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CBN Reverses Decision on Cybersecurity Levy After National Criticism

The Central Bank of Nigeria (CBN) has reversed its decision to impose a cybersecurity levy on electronic transfers made by banks and other financial institutions.

Initially, on May 6, the CBN had instructed all commercial, merchant, non-interest, and payment service banks, as well as mobile money operators and payment service providers, to charge a 0.5 percent levy on electronic transfers.

This move was based on the recently enacted Cybercrime (Prohibition, Prevention, etc.) Amendment Act of 2024. The collected funds were to be directed to the national cybersecurity fund, overseen by the office of the national security adviser (ONSA).

However, in a circular dated May 17 and made public on May 19, the CBN announced the withdrawal of this directive. The circular was signed by Chibuzo Efobi, Director of the Payments System Management Department, and Haruna Mustafa, Director of the Financial Policy and Regulation Department.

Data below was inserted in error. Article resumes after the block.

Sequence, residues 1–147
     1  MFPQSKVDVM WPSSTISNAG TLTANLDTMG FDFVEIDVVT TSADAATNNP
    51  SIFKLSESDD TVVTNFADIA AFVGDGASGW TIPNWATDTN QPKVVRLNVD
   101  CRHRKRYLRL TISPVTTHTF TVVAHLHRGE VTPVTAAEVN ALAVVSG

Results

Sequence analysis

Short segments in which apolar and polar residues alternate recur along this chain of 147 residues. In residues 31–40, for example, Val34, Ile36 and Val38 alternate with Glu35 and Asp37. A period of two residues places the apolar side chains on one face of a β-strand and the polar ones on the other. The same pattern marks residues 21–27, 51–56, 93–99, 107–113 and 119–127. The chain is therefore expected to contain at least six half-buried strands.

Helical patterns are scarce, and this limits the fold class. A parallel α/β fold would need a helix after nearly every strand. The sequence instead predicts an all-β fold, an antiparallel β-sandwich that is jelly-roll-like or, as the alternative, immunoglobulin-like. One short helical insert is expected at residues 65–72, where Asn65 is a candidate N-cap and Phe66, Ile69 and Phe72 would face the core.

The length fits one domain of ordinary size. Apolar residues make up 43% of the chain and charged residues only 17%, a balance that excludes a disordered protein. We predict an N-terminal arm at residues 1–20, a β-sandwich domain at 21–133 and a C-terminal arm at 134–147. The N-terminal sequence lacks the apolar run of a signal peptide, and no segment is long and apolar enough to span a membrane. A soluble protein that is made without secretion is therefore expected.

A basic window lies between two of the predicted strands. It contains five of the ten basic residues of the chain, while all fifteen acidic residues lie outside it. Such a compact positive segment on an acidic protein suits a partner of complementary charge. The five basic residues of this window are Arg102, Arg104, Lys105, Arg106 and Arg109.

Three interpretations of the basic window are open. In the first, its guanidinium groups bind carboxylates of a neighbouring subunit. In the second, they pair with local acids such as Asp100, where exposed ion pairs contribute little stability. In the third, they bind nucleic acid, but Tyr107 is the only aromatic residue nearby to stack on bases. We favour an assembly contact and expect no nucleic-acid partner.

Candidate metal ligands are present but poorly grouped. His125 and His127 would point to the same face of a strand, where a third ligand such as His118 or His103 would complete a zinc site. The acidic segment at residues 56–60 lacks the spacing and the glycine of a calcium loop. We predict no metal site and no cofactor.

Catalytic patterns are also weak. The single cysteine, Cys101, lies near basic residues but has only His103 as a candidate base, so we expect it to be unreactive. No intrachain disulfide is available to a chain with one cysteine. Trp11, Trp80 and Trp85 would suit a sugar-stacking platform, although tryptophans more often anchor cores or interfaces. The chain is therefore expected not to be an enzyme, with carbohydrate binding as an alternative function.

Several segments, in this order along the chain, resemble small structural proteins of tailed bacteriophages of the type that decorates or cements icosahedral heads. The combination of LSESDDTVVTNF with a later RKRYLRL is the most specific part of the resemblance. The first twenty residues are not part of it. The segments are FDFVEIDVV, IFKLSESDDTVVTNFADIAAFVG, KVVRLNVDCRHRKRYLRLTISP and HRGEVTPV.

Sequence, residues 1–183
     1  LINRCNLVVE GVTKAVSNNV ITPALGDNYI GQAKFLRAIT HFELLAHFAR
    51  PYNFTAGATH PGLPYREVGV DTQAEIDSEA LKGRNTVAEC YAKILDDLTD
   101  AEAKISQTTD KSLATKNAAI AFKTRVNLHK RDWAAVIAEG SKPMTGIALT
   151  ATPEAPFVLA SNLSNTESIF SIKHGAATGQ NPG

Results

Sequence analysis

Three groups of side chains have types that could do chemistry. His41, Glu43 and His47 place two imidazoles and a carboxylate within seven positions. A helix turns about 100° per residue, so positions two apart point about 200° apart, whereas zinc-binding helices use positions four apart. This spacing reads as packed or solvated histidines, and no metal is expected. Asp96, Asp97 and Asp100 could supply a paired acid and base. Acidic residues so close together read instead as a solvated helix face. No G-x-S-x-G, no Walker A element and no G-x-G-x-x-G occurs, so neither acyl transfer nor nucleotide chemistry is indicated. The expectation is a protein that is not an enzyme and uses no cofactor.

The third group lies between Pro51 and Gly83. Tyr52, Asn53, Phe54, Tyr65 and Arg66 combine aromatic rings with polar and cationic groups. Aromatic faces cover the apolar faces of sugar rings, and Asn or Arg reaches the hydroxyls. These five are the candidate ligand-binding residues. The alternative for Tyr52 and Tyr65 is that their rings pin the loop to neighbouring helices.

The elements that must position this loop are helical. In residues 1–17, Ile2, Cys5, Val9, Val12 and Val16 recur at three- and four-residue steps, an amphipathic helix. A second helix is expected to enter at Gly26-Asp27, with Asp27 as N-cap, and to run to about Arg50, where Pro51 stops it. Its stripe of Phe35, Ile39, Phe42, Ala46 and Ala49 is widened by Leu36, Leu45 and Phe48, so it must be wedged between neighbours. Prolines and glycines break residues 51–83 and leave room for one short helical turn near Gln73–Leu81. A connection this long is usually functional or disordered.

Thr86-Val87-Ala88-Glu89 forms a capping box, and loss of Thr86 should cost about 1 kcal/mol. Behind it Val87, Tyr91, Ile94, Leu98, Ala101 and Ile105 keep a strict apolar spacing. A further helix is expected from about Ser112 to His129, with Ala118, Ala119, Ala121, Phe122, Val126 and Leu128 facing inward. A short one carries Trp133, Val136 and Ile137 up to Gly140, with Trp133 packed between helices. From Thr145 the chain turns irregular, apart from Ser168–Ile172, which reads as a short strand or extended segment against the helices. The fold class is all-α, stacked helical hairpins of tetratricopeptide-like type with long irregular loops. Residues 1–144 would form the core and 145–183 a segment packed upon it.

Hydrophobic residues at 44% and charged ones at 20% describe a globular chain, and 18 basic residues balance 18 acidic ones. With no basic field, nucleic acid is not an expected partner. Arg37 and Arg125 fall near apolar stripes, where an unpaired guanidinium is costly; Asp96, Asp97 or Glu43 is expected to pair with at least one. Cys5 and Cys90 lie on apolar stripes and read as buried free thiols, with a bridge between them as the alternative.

The CBN stated: “The Central Bank of Nigeria circular dated May 6, 2024 (Ref: PSMD/DIR/PUB/LAB/017/004) on the above subject refers. Further to this, please be advised that the above-referenced circular is hereby withdrawn. Please be guided accordingly.”

The withdrawal followed a directive from President Bola Tinubu, who on May 14, suspended the cybersecurity levy and ordered a review of its implementation.

The levy had faced significant criticism, particularly from the Nigeria Labour Congress (NLC), which labeled it as an additional financial burden on Nigerians. NLC President Joe Ajaero, on May 7, argued that the levy would reduce workers’ disposable income and weaken the purchasing power of ordinary citizens. He also noted that domestic manufacturers and businesses were already struggling in the challenging socio-economic environment.



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